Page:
The controversial backstop will be on the agenda when Theresa May heads to Brussels after MPs backed an amendment to replace the plan with “alternative arrangements”.
This would mean a reopening of the Withdrawal Agreement thrashed out between the UK and EU as the parties bid to find a way of avoiding a hard border in Ireland.
However, European Council president Donald Tusk has said the agreement is not open for renegotiation.
What is the backstop?
The term “backstop” only features once among the 599 pages of the draft Withdrawal Agreement struck between the UK and EU in November, referring to it being replaced by “a subsequent agreement that establishes alternative arrangements for ensuring the absence of a hard border on the island of Ireland on a permanent footing”.
Put simply, it is an insurance policy to ensure border posts and checks on vehicles do not return to the border between Northern Ireland and the Republic of Ireland when Britain leaves the EU.
It would see the UK enter into a temporary customs union with the EU if no trade deal is sealed by the end of a transition period after Brexit, which lasts until December 2020 and could be extended to the end of 2022.
What did the amendment call for?
Drafted by Sir Graham Brady, the amendment called for “the Northern Ireland backstop to be replaced with alternative arrangements to avoid a hard border”. It passed by 317 votes to 301, a majority of 16.
Has the phrase “alternative arrangements” been used before?
Yes, in the 26-page political declaration which was published alongside the Withdrawal Agreement, both parties agreed to “replace the backstop solution on Northern Ireland by a subsequent agreement that establishes alternative arrangements for ensuring the absence of a hard border on the island of Ireland on a permanent footing”.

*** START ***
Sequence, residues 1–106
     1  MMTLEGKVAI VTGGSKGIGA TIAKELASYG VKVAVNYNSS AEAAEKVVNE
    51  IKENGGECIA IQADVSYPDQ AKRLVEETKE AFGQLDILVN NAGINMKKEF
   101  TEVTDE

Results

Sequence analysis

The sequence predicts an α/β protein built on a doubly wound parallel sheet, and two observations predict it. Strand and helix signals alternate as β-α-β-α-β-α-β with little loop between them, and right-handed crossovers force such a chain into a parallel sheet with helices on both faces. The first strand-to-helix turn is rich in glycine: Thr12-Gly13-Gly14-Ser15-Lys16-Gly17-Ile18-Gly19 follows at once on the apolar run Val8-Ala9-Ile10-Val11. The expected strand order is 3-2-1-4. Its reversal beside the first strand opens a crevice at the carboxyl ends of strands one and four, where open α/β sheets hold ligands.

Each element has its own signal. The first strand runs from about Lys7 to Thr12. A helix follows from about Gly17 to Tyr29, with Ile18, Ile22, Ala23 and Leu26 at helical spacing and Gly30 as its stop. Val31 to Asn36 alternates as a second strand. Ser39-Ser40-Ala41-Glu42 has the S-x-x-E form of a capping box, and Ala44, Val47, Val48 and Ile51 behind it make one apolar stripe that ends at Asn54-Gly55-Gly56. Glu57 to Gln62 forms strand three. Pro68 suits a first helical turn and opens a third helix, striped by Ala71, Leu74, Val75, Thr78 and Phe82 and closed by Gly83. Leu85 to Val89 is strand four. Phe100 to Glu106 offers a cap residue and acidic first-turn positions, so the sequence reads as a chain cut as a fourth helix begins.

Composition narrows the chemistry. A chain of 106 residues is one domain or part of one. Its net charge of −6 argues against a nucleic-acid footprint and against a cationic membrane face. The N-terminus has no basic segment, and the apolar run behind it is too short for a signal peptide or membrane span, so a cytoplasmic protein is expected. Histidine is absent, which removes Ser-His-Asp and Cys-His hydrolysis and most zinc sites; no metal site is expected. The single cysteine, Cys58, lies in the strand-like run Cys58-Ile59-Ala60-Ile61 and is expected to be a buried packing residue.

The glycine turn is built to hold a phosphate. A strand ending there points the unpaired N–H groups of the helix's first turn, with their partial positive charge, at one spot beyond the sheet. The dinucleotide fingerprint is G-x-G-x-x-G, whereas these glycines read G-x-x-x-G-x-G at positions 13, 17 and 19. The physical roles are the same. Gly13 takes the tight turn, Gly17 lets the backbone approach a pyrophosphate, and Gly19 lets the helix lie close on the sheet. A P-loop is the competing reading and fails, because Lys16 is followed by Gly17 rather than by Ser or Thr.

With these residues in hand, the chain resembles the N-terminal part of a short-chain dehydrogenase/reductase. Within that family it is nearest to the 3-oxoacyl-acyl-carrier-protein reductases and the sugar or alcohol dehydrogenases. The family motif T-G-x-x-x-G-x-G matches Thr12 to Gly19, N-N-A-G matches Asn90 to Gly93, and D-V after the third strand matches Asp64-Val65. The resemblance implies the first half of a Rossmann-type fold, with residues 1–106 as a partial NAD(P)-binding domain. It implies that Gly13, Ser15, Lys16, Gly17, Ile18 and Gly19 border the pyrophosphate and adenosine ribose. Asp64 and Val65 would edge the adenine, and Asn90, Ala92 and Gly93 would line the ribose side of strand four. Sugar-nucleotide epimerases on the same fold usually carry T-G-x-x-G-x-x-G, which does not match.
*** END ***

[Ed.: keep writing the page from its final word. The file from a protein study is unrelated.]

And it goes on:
How do you solve a problem like the Irish backstop?
The simplest, but probably most controversial, way of avoiding the issue of a backstop on the Irish border is a revocation of Article 50 and the UK remaining a member of the European Union.
The second is if the UK sought to remain in the Customs Union post-Brexit, a move which would allow goods to travel freely between the UK, Ireland and the rest of the European Union.
Although the shape of any “alternative arrangements” were not spelt out in the Commons – shadow Brexit secretary Sir Keir Starmer called them “unspecified” – a number of methods have previously been suggested.
One is adding a “sunset clause” into the backstop which would add an expiry date to the provision, which could allay fears of Britain permanently being locked into the customs union.
Another, which was mooted in November, was using technology to overcome the issue of the Irish border.
The political declaration referred to the use of “facilitative arrangements and technologies… (being) considered in developing any alternative arrangements for ensuring the absence of a hard border”.
This could see technology being used which would allow customs checks to take place away from the border – including potentially having declarations made online.
In November 2017, the head of Swiss customs Dr Christian Bock spoke about their solution at the Northern Ireland Affairs Committee, and, when asked by Bob Stewart, said an “effective but non-invasive border for Northern Ireland was possible”.
He said: “Yes, that is possible. What would you need to do? You need common patrols between the United Kingdom and the Republic of Ireland, staffed with the same people and with the common goal of finding irregularities.
“Secondly, you need an intelligence strategy for what you are looking for.
“You need control points not at the border but somewhere in the country.”